My daughter and I have a super relationship were very close. We have had our times and now that shes older she understands more thank goodness. She knows that when I have an attack just to stay calm and let it run its course and she has learned to noticed the little things like  the twitching or me taking deep breaths trying to calm it down lol. Guess she has learned when I need a break. Your right its extremely hard to raise a child when you have Narcolepsy finding the energy to play games or go to school activities is really hard sometimes. Not to mention the crowds. You would have to have cataplexy to understand that. Seems like the same thing that would set off a panic attack would set off the cataplexy. I really appreciate your reply it helps alot. 



#4 iturnedintoamartian

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Posted 20 May 2013 - 11:24 AM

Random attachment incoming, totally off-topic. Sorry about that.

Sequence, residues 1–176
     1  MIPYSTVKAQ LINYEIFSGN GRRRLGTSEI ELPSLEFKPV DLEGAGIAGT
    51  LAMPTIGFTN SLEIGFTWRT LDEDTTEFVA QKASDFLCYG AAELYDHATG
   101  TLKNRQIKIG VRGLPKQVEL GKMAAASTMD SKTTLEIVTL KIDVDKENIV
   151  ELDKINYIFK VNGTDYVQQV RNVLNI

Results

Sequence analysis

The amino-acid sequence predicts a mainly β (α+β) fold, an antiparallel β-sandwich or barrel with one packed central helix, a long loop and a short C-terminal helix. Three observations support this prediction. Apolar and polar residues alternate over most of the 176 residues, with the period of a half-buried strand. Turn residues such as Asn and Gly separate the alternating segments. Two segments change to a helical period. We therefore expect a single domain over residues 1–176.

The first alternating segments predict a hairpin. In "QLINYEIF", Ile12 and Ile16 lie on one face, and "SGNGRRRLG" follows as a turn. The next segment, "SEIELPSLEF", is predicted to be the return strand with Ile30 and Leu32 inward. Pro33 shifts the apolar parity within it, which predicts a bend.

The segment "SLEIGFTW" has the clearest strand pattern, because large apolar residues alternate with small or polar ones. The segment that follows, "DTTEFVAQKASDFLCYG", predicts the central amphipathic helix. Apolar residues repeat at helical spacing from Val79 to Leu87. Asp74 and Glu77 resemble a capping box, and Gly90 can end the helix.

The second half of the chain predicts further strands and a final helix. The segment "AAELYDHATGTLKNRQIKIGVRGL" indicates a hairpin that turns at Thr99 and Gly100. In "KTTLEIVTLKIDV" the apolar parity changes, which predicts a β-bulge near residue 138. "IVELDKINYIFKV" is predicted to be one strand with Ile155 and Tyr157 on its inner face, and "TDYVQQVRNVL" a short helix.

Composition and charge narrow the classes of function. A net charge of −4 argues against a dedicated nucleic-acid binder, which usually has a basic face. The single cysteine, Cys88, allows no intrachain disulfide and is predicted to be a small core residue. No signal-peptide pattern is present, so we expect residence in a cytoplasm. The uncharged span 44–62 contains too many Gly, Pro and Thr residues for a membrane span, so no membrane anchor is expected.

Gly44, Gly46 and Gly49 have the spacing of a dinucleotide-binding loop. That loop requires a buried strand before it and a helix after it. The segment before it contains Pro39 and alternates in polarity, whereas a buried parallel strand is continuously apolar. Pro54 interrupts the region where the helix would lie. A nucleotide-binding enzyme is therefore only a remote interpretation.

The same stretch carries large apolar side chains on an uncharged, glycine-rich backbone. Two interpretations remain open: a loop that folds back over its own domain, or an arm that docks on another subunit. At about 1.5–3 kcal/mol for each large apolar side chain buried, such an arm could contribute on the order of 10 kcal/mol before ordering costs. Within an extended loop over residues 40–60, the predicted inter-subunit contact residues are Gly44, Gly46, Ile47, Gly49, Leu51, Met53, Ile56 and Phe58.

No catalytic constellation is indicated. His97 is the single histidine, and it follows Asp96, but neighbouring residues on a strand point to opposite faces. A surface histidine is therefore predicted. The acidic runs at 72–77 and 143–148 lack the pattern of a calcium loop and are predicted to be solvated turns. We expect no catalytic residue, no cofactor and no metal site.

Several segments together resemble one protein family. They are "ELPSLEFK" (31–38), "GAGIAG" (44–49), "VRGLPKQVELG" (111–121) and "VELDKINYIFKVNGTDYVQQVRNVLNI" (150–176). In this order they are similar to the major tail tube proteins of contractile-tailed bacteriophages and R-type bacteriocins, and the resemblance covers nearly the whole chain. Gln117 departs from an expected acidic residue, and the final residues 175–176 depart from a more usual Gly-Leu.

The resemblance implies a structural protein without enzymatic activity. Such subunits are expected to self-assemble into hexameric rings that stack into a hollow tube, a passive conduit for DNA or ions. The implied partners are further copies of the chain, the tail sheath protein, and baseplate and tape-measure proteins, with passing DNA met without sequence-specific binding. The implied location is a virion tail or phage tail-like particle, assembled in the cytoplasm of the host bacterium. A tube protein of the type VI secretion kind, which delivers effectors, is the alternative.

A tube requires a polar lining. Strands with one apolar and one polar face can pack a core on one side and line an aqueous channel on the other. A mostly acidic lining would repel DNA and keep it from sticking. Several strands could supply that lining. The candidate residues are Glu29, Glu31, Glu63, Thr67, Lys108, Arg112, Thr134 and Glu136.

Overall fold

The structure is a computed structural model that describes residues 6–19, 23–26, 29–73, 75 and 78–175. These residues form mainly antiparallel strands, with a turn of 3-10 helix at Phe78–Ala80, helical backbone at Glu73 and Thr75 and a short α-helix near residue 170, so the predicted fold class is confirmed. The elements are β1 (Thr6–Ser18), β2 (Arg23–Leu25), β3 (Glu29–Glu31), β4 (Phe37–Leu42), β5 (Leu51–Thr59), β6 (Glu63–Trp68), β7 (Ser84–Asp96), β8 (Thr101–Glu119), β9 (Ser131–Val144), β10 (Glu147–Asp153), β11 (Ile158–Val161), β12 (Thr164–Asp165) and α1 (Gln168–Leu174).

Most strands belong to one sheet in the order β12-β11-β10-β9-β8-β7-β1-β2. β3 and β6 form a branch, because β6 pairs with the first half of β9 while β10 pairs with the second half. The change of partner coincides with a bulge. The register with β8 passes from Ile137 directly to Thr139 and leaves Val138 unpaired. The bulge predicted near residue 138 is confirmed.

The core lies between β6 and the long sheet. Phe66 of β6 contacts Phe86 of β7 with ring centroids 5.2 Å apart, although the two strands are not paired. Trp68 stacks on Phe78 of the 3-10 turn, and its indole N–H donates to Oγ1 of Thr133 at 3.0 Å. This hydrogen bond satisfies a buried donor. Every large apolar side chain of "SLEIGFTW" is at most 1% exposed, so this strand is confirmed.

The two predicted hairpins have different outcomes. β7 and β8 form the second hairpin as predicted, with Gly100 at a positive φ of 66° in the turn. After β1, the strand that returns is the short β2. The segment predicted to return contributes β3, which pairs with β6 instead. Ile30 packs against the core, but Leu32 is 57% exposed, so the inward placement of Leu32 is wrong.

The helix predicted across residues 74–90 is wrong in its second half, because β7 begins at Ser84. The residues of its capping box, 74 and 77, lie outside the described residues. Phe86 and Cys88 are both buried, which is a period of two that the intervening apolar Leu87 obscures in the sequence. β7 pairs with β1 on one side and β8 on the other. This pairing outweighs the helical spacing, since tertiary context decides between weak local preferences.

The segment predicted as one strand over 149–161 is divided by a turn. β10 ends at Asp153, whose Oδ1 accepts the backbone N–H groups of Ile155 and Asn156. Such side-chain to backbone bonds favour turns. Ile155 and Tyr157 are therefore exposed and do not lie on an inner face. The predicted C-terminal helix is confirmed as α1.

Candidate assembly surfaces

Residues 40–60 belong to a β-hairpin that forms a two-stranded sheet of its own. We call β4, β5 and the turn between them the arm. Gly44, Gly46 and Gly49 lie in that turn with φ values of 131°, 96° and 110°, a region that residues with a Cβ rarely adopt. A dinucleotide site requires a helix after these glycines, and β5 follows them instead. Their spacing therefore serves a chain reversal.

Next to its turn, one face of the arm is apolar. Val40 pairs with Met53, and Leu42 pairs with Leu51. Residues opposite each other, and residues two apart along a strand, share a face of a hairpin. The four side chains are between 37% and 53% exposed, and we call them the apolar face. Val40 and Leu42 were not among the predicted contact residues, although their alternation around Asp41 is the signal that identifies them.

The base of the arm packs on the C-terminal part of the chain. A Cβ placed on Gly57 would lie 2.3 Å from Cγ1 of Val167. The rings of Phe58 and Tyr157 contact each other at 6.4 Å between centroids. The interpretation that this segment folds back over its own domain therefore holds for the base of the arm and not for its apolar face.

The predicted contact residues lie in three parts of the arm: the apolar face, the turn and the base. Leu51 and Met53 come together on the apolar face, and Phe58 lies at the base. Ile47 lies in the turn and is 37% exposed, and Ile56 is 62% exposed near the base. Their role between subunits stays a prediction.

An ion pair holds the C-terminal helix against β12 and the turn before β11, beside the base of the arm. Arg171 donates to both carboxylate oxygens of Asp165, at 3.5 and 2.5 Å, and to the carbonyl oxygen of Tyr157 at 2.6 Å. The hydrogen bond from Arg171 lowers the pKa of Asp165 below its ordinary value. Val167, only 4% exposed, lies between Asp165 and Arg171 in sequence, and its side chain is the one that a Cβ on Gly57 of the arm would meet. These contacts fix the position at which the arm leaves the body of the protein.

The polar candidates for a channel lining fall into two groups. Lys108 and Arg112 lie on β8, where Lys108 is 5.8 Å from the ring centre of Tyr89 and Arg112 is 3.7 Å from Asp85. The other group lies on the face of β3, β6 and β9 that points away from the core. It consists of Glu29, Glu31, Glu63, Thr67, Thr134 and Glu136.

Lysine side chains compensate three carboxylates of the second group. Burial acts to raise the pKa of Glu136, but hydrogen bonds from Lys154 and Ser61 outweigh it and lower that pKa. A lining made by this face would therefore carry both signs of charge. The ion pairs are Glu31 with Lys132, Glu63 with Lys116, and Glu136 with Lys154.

Well, you can say that there's at least one good thing that will come out of your cataplexy especially- I am sure your daughter will grow up to be a very non-judgmental, helpful, caring adult. In my opinion, that's maybe the most important part about the influence we have on our children. Sometimes it's learned in less than optimal circumstances but I suppose that's better than not being learned at all. 



#5 Hopeful10

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Posted 24 August 2013 - 02:58 PM